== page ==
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Mon, Jun
2 New Articles

Make the roast of the winter

Tasting

Food
Redmond Cabot

‘Turning and turning in the widening gyre
The falcon cannot hear the falconer;
Things fall apart, the centre cannot hold’

A lot of people nowadays are echoing Yeats’ ‘The centre cannot hold’. Swift change sweeps through political systems, and populist policies can quickly become the next big thing. And we get this here in food circles too. The ‘Next Big Thing’, the new ‘superfood’, the next celebrity chef.
Our grannies, granddads, mums and dads have been cooking for centuries with fresh, natural foods for hungry stomachs around the family table. Maybe one day we will all end up eating prepared nutrient-and-protein tablets, and I’ll eat my hat, but until that day comes I’m into plain old-fashioned cooking. Use fresh, natural ingredients, use local where possible, and eat a bit of everything in moderation, and plenty of veg.
Here is one of my all-time favourite winter dishes – nothing to change the world, but reflecting the natural world of our winter wonders around us.

Red’s winter roasted veg
I know you may read ‘roast winter veggies’ and say ‘Oh, how boring’ or ‘How unoriginal, done already’. True, but part of my job is to inspire you to enjoy your foods. And that begins at a very simple level. Nothing too fancy here, but if you cannot enjoy the basics how will you ever appreciate the rarities of life?
I tend to add a dash of balsamic the last third of cooking; it adds a tasty glaze to the dish. All you need for this dish is washed and cut veggies, some oil to splash over the veg, and whatever flavour you like to add.
Roasted garlic marries with warming and medicinal rosemary to interact with sweetness of roast veg. You might like to try more exotic versions with ingredients such as squash, red onion, butter bean, fennel, leek and cumin, but this week it’s simple pleasures for me!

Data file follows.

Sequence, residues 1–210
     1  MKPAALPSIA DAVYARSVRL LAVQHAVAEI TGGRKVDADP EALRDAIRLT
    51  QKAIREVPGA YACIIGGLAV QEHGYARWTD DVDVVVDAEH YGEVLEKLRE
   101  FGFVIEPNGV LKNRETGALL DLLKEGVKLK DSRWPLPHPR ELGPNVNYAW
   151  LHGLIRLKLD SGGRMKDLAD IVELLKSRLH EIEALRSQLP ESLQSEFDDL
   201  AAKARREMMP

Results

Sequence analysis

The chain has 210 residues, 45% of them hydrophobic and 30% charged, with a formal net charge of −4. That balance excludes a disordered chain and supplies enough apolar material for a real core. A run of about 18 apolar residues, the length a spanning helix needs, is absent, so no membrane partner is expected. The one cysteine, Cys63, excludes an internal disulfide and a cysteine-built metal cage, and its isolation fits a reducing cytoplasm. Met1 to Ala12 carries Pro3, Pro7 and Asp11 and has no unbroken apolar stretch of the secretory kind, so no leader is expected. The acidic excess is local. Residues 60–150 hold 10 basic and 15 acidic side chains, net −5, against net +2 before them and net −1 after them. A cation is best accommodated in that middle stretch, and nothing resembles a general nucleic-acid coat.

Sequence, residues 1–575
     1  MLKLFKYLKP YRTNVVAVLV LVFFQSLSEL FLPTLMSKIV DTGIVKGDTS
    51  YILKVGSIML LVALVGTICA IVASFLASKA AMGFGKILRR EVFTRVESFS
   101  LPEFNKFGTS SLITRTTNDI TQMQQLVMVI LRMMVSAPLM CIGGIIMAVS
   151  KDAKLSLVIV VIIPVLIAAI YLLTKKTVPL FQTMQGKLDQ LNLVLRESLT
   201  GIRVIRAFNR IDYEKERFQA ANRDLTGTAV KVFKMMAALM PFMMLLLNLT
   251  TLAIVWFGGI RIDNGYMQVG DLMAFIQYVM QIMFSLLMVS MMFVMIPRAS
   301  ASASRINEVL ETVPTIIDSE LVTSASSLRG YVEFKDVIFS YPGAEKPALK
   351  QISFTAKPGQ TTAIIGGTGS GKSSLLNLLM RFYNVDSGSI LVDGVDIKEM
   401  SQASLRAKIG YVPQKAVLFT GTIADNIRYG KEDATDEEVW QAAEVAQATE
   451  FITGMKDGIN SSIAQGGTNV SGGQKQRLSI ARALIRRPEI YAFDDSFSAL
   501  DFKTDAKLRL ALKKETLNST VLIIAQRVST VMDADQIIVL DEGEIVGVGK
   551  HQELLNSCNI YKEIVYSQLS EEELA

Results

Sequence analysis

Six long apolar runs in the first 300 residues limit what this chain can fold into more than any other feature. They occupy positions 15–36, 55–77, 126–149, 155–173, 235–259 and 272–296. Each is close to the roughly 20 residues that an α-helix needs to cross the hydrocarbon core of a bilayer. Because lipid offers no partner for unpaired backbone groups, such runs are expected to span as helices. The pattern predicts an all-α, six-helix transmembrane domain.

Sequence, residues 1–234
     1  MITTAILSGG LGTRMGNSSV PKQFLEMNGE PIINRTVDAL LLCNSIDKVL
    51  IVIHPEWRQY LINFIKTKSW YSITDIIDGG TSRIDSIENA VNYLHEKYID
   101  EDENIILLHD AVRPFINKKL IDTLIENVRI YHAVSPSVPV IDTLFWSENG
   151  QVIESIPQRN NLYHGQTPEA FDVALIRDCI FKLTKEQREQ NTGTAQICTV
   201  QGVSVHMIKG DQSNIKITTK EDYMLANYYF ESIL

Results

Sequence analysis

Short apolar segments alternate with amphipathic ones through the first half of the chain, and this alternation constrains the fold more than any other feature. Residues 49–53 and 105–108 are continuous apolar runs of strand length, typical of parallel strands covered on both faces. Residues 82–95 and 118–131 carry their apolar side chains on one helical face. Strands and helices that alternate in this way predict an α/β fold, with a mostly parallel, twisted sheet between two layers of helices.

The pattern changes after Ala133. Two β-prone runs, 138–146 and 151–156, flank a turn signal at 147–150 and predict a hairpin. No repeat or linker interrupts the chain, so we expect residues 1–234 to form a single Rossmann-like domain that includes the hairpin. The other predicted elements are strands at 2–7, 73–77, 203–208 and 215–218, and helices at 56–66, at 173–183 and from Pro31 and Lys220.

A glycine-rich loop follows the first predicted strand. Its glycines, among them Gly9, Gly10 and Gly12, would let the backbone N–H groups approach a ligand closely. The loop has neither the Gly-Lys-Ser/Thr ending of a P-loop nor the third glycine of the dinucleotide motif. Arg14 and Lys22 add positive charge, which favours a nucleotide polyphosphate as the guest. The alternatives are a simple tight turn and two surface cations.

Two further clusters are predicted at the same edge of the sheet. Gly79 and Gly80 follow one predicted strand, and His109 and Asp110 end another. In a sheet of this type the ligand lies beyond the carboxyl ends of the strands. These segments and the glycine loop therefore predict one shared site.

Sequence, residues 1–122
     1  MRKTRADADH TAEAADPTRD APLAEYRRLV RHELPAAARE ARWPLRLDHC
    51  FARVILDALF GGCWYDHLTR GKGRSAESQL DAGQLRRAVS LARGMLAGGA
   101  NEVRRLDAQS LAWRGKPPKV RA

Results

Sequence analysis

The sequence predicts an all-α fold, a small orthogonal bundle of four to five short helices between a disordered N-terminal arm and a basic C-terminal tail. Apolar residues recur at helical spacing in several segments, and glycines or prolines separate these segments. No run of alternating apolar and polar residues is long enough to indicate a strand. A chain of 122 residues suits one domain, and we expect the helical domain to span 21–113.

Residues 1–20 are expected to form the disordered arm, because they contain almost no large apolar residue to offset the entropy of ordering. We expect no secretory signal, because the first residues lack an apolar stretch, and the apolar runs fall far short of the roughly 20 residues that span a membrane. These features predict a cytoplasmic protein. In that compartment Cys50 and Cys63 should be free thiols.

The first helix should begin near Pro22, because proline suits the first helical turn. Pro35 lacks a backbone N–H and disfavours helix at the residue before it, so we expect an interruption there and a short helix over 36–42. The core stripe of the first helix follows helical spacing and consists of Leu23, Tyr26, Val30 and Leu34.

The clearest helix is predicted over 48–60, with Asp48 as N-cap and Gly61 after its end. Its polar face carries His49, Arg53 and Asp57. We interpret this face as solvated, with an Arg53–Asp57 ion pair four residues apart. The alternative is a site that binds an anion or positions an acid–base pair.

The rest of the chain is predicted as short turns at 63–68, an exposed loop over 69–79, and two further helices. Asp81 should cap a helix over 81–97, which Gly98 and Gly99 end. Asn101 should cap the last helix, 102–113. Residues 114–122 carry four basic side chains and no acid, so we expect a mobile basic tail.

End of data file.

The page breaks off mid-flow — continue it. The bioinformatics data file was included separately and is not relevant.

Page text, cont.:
What you need

  • 2 parsnips
  • 1 medium turnip
  • 3 carrots
  • 2 medium white onion
  • 4 spring onions
  • 2 cloves garlic
  • 2 big tbsp rosemary needles
  • Good glugs of rapeseed oil
  • Seasoning

What you do
Wash and prepare all your veg. Break your entire clove of garlic into individual bulbs by pressing the heel of your hand hard down on the top of the bulb till all the bulbs break off. Squash them a bit by hand ’til the skin breaks but otherwise leave skin on, you remove it when eating from the plate.
Get your chopped veg sizes correct here, no point adding spring onion in at the same time as the turnip cubes – the spring onion will simply crisp and burn up. You’ll have to add that later throughout the process.
Place your large and larger cooking veg pieces in your roasting dish/tin first, heavily drizzle in oil, season and stir well. Place in a preheated hot oven (190c) for 35 minutes. Add the smaller pieces as you go through cooking time. Add rosemary and stir it in well with only 15 minutes to go (if you cook it full time 35 minutes it too will blacken and be wasted).
Plate up, served with sprigs of fresh herbs on top, and enjoy!

Red Cabot is interested in food, nature and small things. He sells his food at Westport Country Markets in St Anne’s Boxing Club, James’s Street car park, Westport, every Thursday, from 8am to 1pm.

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